If there’s still anyone out there who doesn’t believe public education is reckless child endangerment, please read Kay Hymowitz’s review of NurtureShock in today’s WSJ.
Written by Po Bronson and Ashley Merryman, NurtureShock takes you on a post-Dr. Spock tour of the educational theories du jour, debunking most of them. When Nathaniel Brandon published “The Psychology of Self-Esteem in 1969, the education world launched a campaign that continues to this day to boost children’s self esteem at every turn. And while the “we’re all winners” hype was a boon to trophy makers, it was a dismal failure in preparing kids to go into the real world.
Indeed, this is exactly what the authors discovered:
|…high self-esteem doesn't improve grades, reduce anti-social behavior, deter alcohol drinking or do much of anything good for kids. In fact, telling kids how smart they are can be counterproductive. Many children who are convinced that they are little geniuses tend not to put much effort into their work. Others are troubled by the latent anxiety of adults who feel it necessary to praise them constantly.|
And the bad news just keeps on coming:
The benefits of teaching tolerance and promoting diversity look equally unimpressive in the current research. … a lot of well-meaning adult nostrums—"we're all friends," "we're all equal"—pass right over the heads of young children. Attempts to increase racial sensitivity in older students can even lead to unintended consequences. One researcher found that "more diversity translates into more divisions between students." Another warns that too much discussion of past discrimination can make minority children over-reactive to perceived future slights. As for trying to increase emotional intelligence, the education fad of the 1990s, it doesn't seem to promote "pro-social values" either. It turns out that bullies use their considerable EQ, as it is called, to control their peers.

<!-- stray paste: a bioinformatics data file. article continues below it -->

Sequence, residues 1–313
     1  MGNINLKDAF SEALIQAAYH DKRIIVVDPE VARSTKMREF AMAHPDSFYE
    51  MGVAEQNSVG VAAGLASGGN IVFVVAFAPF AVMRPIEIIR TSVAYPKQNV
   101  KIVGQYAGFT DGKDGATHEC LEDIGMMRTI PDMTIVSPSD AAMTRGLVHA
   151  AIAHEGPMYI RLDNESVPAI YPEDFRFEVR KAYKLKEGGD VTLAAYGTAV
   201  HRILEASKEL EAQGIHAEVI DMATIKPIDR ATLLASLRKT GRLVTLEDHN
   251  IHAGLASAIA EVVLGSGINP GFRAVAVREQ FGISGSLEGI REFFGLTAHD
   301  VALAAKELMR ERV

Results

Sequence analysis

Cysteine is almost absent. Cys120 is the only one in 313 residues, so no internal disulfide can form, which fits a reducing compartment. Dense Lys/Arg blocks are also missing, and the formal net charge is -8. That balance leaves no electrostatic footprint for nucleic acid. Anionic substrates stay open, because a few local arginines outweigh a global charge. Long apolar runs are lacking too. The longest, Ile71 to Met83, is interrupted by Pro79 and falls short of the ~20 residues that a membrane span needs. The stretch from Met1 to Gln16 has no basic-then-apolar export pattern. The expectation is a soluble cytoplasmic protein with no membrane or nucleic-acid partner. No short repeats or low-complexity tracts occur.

Other tidbits of enlightenment: programs to stop drop outs don’t work. Anti-drug programs don’t work. “Giftedness” testing fails to predict, well, giftedness.
Ms. Hymowitz takes issue with the authors who, after debunking yesterday’s myths, seem all to willing to accept today’s newest orthodoxies; as if they are somehow better vetted than previous miscalculations. Specifically cited are new scientific studies that explain why teenagers lie: not to avoid punishment, but to avoid upsetting their parents. Hmmm?
We teach so little hard science and logic that people are easily cowed into accepting as truth anything that someone has done a “scientific” study to support. Non-skeptical acceptance of such “scientific” facts has resulted in 40 years of bad public policies. Education, while critical, is merely the tip of the iceberg. The same type of blind acceptance of pseudo-scientific data is about to inform our health care system.
By applying algorithms, statistics and actuary tables, “bio-ethicists” like Ezekiel Emanuel have come up with a handy reference scale of “useful life years.” If this sounds eerily reminiscent of eugenics, you’re on the right tract. Ezekiel and his ilk aren’t proposing that we euthanize people just because they’re old. No. He proposes that in the interest of cost effectiveness that we simply withhold treatment at a point where they’ve achieved their “useful years” allotment.
Scientific studies may claim that teenagers lie to their parents so as not to upset them - not to avoid the consequences of their actions. But common sense tells you that’s nonsense. And bio-ethics may claim that withholding medical treatment isn’t passive euthanasia. But common sense tells you that’s a lie.
Is it any wonder that home schooling is on the rise?